The HP EX920 M.2 SSD Review: Finding the Mainstream Sweet Spotby Billy Tallis on July 9, 2018 9:00 AM EST
AnandTech Storage Bench - The Destroyer
The Destroyer is an extremely long test replicating the access patterns of very IO-intensive desktop usage. A detailed breakdown can be found in this article. Like real-world usage, the drives do get the occasional break that allows for some background garbage collection and flushing caches, but those idle times are limited to 25ms so that it doesn't take all week to run the test. These AnandTech Storage Bench (ATSB) tests do not involve running the actual applications that generated the workloads, so the scores are relatively insensitive to changes in CPU performance and RAM from our new testbed, but the jump to a newer version of Windows and the newer storage drivers can have an impact.
We quantify performance on this test by reporting the drive's average data throughput, the average latency of the I/O operations, and the total energy used by the drive over the course of the test.
The average data rate from the 1TB HP EX920 on The Destroyer is a bit disappointing, falling below the lower-capacity Intel 760p and only a little over half as fast as current 1TB high-end NVMe SSDs. The EX920 is still substantially faster than SATA SSDs or low-end NVMe SSDs like the Phison E8-based Kingston A1000, but the EX920 is definitely not in the same league as Samsung's drives or the current WD Black.
The average and 99th percentile latency scores from the HP EX920 cast the drive in a slightly better light than the average data rate did, but it is still falling short of the high-end NVMe drives. The EX920 scores better than the smaller Intel 760p on these two metrics, even though the Intel drive delivered a higher average data rate.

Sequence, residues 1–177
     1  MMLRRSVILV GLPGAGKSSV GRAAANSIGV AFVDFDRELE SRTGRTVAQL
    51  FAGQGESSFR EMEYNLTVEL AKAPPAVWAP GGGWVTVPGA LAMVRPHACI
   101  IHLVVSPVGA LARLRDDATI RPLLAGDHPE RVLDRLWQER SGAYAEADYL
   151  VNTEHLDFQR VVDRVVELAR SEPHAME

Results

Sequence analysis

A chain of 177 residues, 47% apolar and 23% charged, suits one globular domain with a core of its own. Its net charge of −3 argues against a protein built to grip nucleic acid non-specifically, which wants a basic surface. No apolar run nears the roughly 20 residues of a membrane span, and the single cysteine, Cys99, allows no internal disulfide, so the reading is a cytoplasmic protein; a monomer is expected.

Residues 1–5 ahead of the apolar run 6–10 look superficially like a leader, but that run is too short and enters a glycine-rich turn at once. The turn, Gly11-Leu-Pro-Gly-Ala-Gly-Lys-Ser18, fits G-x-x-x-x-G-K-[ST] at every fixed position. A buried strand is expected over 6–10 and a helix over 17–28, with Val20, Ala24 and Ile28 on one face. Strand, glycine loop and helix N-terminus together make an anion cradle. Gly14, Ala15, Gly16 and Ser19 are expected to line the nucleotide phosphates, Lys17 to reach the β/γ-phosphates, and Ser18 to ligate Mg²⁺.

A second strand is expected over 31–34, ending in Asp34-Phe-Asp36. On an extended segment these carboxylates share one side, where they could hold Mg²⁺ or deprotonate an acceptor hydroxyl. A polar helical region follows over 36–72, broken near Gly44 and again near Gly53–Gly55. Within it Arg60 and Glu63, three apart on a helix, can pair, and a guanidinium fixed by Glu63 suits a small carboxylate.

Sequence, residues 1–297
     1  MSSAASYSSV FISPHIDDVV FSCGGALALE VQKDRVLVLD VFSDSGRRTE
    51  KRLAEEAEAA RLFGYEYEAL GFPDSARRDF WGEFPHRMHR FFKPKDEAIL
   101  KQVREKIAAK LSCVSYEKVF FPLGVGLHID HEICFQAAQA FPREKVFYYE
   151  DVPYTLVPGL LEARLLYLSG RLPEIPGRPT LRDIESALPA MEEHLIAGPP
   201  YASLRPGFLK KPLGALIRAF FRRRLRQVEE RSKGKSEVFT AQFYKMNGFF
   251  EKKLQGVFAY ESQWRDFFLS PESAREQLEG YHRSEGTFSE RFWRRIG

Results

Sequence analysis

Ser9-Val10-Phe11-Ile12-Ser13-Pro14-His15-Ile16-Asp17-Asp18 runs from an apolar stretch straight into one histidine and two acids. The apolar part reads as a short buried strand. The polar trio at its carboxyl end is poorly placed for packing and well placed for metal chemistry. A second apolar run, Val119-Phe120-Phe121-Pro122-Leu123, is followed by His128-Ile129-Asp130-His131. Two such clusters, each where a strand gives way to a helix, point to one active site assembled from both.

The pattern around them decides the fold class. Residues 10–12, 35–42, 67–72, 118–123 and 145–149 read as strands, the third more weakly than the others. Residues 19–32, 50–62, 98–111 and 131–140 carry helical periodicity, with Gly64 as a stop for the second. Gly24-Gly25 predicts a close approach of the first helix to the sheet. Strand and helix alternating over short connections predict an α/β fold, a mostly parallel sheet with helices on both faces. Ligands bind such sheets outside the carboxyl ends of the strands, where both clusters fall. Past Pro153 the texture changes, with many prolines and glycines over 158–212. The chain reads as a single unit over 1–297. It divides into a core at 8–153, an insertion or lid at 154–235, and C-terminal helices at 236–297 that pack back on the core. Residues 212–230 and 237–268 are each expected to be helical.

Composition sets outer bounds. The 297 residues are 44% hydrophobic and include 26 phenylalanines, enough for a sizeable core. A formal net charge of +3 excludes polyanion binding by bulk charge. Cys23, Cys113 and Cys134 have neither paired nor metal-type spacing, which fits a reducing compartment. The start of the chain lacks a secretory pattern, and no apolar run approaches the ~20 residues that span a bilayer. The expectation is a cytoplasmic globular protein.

The HP EX920's average read latency is about twice as high as the high-end NVMe SSDs. The average write latency of the EX920 is also worse than the Samsung drives and WD Black by about the same factor, but the boundary for the top tier of drives is not as sharp since the Plextor M9Pe and the aging Toshiba OCZ RD400 are also lagging behind some.
The 99th percentile read latency of the HP EX920 is decent, though it could also be said that this is simply a matter of Samsung's drives being uncharacteristically unimpressive while the WD Black sets a high standard. The 99th percentile write latency of the EX920 is clearly a problem, with more than 40% higher latency than any drive in this bunch that isn't using a Silicon Motion controller. The EX920 and Intel 760p fare much better than the previous generation Intel 600p thanks to improvements to both the flash and the controller, but it is clear that Silicon Motion still needs to work of their QoS.
The energy usage of the HP EX920 when running The Destroyer is a bit on the high side by M.2 NVMe SSD standards, but it doesn't stand out from other power-hungry drives including the Samsung 970 EVO. Unlike the 970 EVO, the EX920 doesn't justify its high power consumption with high performance, though even the 970 EVO's power consumption is hard to excuse when the WD Black offers the same performance for a little over half of the energy usage. NVMe power efficiency is still a work in progress for the industry as a whole.